(Dad made millions for others but while he lived a very lavish lifestyle which was all funded by the company he never made any money for himself – I think that what he really got off on was seeing ideas become realities – something that I appear to have inherited. Above all he was a teacher – his “boys” ran his firm for more than 15 years after his death)

Nor did Jim ever claim credit for his colleagues achievements. Bu conversely would brag about how well they had done because he was able to share in the pride of their accomplishments. He never had to ride on anyone’s coattails or steal their glory in order to serve an over inflated ego as is often the case with many executives.

I (Wally) have only scratched the surface in my comments about this wonderfully complex man. However one of the most succinct, amusing and best descriptions was contained in a letter that I received from Sir Thomas Hiley in Australia…

As for Jim Paterson someone should write a book about him. Magnificent perception, good but not infallible judgement, a fine personal charm and with it all times “an enfant terrible” If he had grown up with Al Capone, Capone’s mother would have sought police protection for her son. He should have been a German Count levying tribute on the passing Rhine traffic. He enriched my life even at times he raised my eyebrows’

Valete Dad and to you too Wally

12:57:12 PM   comment [// 0]

I woke up this morning to be greeted by my daughter who is home for the summer. I have my card and downstairs I hear the noises and smell the smells of a massive English breakfast being cooked for me. But I feel sad. Where are all the fathers of my  age group? All of them are dead. Not one of my school and univrsity friends has a living father.

So here’s to you Dad. I miss you

Your devoted son


My First Post on the Science of the Early Years

Monday, May 12, 2003

I spent two days last week with Dr Doug Wilms, one of the top researchers in the world on the topic of child development.

There were many aha’s – here is one of them. Human development is linked to trajectories. When we are 2, small differences in vocabulary, of only 150 words, will drive the type of trajectories that my poor diagram tries to show you. This small difference at 2 spreads out by 15 to a 10 year spread in grade 10. The upper quartiles will have the cognitive ability to work at second year university. The lower quartile will be at the grade 5 level. Those in the middle will be therefore 5-7 years off the extreme at both ends. The same is true say for journeys. If Columbus’s three ships stated off from Spain with a 3 degree difference. One would have landed in Greenland. One in Hispaniola and the other in Argentina. Small differences over time slope out to be large and not fixable.

Some conclusions:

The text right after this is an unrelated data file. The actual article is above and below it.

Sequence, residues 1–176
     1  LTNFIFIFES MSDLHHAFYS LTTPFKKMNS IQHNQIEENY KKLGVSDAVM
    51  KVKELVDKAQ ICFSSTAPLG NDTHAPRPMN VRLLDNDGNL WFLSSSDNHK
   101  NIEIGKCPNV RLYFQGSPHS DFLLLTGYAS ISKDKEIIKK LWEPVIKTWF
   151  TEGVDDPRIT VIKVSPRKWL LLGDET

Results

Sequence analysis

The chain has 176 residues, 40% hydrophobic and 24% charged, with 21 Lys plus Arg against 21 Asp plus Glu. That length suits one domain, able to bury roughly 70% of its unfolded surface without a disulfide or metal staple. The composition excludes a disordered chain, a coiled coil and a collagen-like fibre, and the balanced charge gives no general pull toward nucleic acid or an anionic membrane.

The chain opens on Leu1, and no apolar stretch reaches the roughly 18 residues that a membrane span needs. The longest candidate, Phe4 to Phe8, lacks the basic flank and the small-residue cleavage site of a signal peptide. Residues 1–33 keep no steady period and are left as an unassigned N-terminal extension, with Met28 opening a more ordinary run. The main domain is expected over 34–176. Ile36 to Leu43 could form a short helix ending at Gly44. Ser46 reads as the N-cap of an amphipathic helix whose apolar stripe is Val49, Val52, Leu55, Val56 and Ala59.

• In Chaos Theory, we know that “Initial Conditions” are important. This graph shows us why. Only 150 word difference at 2 drives over time a huge differential. The effort to change these trajectories builds on a log scale. We can do a lot with a little when we are very young but by the time we are about 15 we are locked in. Most of the remedial work is done at school where it will have little effect. Especially by grade 4. The optimal time to ensure that your kids will do well is to read a lot to them from 4 MONTHS ONWARDS. You might say that this is ridiculous. A Baby can’t comprehend at 4 months. But they build pattern recognition. Their vocab is built as a direct result of the vocab that you use with them. So read up a level all the time.
  • To read to a 4 month old demands that you hold the baby as well. Touch is the other driver for development. We know that monkeys that are not touched and we know that orphans that are not touched develop very poorly. So reading to babies hits the two big drivers – vocab and touch.
  • The revolution in development will come less from a revolution at school and more from our recognition that the optimal time to learn is before 6!
  • Infants and young children learn only one way – from play based experience – the opposite from how we teach at school.

My First Post on Agriculture

Tuesday, May 13, 2003

This chart shows a picture of how the money works in farming on PEI for 50 years. I suspect that it shows the picture for all of industrial agriculture.

Here is how to “see” the picture. The heavy blue line along the bottom is net farm income. You will note that until about 1972 it hardly moved. Since then volatility is the rule. The lightblue line is farm debt. You will see that debt has broken free from net income. Farm capital is the brwon line. Here’s the problem. Farm capital has risen becuase the banks need it to rise to keep the loan valid. But net income has not kept pace with debt. When the system has 3 bad years the house of cards has to fall down. Like the fishery – farming has become grossly over capitalized. The difference has to come out of the foundation resource – the natural capital – so rotation is reduced and sloped land is tilled.

It is only a matter of time
10:27:51 PM   comment [// 0]

This is the reality of some of our farming in the spring. When you grow Russet Burbanks (the main fry potato) for processing, you have to harvest in late October too late for a cover crop. The result – devastation. Is this because many of our farmers are evil or stupid? No – they are trapped. They have been suckered into a very capital intensive business where there are only two buyers. As the years go by, the farmer drifts more into the hole and can only keep afloat by taking it out on the land. Our rivers are silting up. Our water is becomiong contaminated. Our farmers are going broke.

What can you do? Stop buying fries.